- mount_encrypted: User mount of DM-crypt filesystems (Shell)
- With the system "/etc/fstab" setup correctly, you do not need to need to
become root to mount a dm_crypt filesystem. This script lets you mount
a dm-crypt or luk-crypt encrypted block file systems, with appropriate
with password handling for either TTY and X-Windows, as well as good error
handling and reporting of any problem encountered.
I previously used this script extensively from command line, shell
scripts, and GUI application launchers, menus, and filesystem mount
programs, to mount encrypted filesystems given a user password, without
needing root or sudo access.
However its use has since been superseded by encfs and the "ks" script
above. EncFS allows me to directly back up and/or file synchronize the
encrypted data between machines without requiring decryption, unlike
a disk encrypt method like this.
Files and Paths
- locate_script: Where is this script located (Shell Script)
- Small Script you can add to the beginning of your shell programs to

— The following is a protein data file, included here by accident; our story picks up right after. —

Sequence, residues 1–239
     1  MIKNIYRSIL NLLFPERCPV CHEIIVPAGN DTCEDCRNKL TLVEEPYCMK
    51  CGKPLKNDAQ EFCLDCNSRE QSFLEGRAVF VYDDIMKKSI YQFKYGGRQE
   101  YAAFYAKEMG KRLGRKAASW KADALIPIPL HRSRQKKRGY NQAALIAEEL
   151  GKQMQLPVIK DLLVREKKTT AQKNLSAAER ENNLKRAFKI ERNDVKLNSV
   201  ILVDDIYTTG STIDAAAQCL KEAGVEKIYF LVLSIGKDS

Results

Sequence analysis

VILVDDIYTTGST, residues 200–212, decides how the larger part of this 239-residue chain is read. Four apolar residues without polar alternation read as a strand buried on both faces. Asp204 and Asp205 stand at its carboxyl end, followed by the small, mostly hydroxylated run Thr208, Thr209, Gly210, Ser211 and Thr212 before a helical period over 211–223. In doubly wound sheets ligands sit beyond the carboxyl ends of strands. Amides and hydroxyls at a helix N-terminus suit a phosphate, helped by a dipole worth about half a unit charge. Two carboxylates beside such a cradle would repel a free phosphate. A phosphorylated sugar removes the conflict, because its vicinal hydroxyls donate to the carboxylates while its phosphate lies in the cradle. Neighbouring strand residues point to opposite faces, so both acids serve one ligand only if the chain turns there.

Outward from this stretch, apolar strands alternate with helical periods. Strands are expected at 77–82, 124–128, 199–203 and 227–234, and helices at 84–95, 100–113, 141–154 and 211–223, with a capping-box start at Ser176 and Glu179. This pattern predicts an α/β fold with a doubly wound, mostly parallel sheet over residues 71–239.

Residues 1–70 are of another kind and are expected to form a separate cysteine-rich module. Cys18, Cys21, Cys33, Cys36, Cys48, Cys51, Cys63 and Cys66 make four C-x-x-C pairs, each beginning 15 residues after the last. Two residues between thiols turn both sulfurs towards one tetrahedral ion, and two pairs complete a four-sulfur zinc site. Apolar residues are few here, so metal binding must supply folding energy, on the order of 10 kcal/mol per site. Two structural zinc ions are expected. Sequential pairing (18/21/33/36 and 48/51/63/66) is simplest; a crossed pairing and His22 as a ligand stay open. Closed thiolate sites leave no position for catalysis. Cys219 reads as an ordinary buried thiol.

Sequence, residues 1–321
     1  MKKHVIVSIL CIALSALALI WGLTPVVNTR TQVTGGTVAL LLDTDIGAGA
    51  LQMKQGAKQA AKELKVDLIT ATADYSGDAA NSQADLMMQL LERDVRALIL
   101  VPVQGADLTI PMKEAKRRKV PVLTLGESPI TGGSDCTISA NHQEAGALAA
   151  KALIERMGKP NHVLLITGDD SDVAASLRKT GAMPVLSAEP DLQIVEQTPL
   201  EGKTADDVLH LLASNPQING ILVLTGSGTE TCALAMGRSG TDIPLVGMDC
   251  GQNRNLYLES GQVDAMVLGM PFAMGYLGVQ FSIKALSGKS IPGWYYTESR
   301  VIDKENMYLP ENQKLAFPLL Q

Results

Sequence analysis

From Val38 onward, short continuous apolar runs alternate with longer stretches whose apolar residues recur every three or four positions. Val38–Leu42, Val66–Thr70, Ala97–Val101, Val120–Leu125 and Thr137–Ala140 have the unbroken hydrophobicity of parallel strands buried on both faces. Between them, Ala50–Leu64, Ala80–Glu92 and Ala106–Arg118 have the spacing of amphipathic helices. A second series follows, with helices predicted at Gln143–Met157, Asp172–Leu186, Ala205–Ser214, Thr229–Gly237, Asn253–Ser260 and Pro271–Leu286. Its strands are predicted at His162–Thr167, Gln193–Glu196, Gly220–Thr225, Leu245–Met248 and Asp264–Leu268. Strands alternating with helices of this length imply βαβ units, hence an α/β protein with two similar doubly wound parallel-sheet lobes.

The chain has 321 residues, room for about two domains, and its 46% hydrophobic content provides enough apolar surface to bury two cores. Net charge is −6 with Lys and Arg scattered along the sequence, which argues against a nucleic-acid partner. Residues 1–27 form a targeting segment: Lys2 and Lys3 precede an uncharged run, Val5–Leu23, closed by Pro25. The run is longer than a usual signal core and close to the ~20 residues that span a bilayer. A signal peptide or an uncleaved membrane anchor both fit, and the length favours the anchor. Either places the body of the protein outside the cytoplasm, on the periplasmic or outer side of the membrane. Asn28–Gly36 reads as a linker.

determine the location of the script. This lets you find things like
configuration files relative to the scripts location, or read the script
itself for things like self-documenting manuals (something I do a lot).
It has worked for me for more than 30 years! And I have used it on
Sun3, Sun4, Ultrix, Solaris, Linux, MacOSX, with bourne shells, dash,
bash, ksh, and zsh. It should work for any Unix-like environment.
Technically locating a running script has no solution, as it could be a
piped into a shell, but in practice it does work. See the BASHFAQ (28)
- cmdout: Label Command Output (Shell Script)
- A wrapper around a command which marks the commands output as being from
standard output or standard error. Also reports the actual command given
and the final exit status of the command.
A useful information gathering about the program being run. Especially
when you plan to later use that command in a shell script, or for
Note getting the exit status of a command while also piping its output is